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Just wondering
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Just wondering

I am trying to work things out with my husband.  Is it really worth it knowing he is a binge drinker?  I do love him!  Seems like I am becoming the enabler just to love him and prove it.  I am always the DD when we go out for example.  What would you do?
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Avatar_f_tn
I am in the same situation myself. I'm pretty sure that I am staying in the situation. Same thing with me that I am always the DD. He quit a long time ago but started up again about two years ago and his family has no idea that he started again. And I never told them.
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Avatar_n_tn
Hi, firts off, I must say that you are an incredible woman for seeking help. Here's one thing that will save your marriage (but more importantly your sanity and dignity)...go to an ALANON meeting. You can find them in your area. This will enable you to find the best way to handle this very difficult situation. Best of luck!
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Avatar_f_tn
I am in the same situation too.  My husband is a binge drinker who drinks for months straight at a time.  It can become trying at times, we've been married 17 years (together for 22 years).  He stopped drinking for 14 years, started back up again, at times it can be extremely frustrating and annoying, but with the help of Alanon, I'm hoping to stick it out.  Please try Alanon, it does work great, not just w/the A's in our lives, but with everything in your life.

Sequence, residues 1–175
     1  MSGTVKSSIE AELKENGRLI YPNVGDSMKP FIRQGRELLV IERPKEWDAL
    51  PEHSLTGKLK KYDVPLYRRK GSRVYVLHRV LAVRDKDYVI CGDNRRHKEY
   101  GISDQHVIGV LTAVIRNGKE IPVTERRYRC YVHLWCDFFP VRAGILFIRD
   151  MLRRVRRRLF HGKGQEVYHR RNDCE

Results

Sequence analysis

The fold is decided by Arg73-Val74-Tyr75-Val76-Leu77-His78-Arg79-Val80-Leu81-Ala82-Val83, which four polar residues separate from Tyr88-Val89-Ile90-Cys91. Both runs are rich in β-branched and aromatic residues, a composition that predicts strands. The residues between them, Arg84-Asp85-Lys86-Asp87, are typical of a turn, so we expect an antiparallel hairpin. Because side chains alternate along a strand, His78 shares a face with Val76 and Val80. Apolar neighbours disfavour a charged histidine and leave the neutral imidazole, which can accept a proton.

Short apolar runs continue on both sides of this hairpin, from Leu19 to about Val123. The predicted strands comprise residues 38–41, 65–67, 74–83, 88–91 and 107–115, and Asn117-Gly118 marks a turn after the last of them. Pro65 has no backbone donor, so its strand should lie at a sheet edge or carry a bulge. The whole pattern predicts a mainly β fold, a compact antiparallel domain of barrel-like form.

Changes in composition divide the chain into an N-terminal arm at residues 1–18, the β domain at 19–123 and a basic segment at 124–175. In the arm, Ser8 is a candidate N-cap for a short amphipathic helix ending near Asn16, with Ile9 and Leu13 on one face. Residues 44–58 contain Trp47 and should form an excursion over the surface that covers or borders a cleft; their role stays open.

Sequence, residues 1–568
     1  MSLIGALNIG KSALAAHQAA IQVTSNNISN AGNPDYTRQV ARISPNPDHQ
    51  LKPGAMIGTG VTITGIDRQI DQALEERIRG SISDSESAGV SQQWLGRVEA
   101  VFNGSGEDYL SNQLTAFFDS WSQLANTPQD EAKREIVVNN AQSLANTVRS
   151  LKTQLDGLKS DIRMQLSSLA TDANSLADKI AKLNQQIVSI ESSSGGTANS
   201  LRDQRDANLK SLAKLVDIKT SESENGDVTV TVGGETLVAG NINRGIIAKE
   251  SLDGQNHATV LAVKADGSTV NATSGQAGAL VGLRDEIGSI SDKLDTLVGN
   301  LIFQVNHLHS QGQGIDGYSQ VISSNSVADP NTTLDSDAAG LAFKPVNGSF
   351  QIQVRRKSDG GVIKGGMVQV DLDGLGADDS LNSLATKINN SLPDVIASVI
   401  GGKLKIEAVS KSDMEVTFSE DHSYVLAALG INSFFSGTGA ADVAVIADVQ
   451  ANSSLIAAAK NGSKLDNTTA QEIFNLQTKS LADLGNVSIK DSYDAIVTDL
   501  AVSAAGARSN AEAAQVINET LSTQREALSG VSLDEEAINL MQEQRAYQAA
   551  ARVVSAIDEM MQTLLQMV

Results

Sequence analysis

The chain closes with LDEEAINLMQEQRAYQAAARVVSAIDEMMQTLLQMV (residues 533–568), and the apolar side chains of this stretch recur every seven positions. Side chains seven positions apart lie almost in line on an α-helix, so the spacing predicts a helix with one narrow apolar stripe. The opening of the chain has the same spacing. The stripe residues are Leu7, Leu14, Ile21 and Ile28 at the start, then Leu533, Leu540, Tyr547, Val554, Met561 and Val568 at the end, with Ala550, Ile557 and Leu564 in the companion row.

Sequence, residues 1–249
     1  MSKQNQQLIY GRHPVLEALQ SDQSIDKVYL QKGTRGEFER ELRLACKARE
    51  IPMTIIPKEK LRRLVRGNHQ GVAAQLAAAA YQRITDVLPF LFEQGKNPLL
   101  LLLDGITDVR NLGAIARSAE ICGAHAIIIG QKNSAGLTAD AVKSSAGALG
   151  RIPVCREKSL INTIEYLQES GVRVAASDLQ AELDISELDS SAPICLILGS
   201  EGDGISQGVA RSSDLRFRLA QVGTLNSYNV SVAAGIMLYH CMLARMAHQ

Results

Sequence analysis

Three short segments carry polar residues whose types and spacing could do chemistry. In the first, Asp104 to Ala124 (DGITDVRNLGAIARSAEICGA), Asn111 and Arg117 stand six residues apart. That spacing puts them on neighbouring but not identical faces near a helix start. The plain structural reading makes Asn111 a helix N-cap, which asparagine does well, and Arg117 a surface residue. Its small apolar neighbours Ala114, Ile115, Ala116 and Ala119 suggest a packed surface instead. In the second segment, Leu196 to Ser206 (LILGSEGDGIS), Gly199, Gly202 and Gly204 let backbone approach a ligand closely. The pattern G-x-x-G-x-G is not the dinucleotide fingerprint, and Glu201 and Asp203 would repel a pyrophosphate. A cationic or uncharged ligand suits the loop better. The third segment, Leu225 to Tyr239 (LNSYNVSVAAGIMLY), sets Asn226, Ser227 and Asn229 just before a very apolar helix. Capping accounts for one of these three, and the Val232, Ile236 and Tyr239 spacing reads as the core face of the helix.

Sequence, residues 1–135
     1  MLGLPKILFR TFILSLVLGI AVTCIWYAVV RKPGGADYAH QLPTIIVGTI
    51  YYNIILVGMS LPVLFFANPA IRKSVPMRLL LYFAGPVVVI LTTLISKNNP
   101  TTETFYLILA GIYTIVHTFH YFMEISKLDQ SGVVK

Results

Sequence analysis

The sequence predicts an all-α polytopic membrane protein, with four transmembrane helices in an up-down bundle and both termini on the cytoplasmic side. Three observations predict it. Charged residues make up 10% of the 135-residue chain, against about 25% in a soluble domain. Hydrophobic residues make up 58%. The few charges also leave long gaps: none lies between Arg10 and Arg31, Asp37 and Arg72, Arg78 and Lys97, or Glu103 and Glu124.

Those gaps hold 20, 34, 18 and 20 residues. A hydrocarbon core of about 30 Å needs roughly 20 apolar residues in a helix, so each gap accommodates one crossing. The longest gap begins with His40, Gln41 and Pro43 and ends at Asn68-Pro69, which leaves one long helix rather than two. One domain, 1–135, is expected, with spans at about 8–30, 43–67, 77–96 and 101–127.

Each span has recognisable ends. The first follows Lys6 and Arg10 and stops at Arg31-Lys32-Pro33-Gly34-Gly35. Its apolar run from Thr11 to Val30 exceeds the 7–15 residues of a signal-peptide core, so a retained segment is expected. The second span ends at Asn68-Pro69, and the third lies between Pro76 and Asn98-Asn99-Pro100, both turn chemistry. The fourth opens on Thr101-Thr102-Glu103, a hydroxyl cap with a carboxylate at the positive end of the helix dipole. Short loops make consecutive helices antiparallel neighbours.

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Avatar_n_tn
The very best of luck to you.
My X and I met and at 21 and 22, we were already full blown alcoholics.
We married, had kids and I quit 14 years ago.
Into my 12th year of sobriety, I asked my husband do the same for me and quit his 12 pack a day habit.
When he wouldn't, I left.
When he still wouldn't stop, I filed and divorced him.
He wasn't suffering at all because I left and he didn't have to change at all.
I still love him but he loved his beer more than me.
Being married to him when I quit, reGARDless if I was an alcoholic or NOT, did NOT make a marriage in heaven.
Alcoholism is very selfish and leaves NO time for anything but thoughts of the next drink.
We were together for 25 years and that was still not enough for him to want to stop. :(
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Avatar_f_tn